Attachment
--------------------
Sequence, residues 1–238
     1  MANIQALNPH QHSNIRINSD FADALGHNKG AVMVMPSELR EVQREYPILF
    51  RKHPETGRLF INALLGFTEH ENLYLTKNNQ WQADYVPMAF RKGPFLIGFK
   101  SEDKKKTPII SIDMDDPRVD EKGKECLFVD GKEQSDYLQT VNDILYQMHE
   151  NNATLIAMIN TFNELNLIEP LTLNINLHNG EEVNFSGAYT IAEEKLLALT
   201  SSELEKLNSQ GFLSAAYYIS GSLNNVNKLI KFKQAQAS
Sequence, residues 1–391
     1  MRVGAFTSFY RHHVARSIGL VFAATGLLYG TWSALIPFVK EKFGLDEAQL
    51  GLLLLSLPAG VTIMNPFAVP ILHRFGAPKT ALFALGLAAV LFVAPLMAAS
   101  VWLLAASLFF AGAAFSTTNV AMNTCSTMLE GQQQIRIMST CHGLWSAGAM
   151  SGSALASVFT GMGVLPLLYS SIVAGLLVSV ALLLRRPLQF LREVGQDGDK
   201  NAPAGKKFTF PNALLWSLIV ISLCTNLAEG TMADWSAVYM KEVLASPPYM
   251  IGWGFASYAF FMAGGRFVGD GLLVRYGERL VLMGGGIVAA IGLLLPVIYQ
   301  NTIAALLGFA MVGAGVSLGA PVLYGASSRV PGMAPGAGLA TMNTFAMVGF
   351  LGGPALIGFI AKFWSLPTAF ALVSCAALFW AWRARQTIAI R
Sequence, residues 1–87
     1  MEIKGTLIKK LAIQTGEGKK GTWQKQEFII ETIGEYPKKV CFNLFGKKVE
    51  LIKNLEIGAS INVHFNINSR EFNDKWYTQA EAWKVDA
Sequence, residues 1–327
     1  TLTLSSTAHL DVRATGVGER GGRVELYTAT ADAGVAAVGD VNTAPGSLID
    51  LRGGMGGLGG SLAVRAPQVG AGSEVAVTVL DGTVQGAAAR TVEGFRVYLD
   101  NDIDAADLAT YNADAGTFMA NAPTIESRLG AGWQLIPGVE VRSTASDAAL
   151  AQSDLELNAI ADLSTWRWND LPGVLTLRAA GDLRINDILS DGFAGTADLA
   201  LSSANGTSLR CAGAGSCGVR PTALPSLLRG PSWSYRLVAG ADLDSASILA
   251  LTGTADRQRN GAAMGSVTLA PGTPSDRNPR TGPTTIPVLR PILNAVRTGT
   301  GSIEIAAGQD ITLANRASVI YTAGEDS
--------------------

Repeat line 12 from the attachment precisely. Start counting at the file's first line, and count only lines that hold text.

   201  NAPAGKKFTF PNALLWSLIV ISLCTNLAEG TMADWSAVYM KEVLASPPYM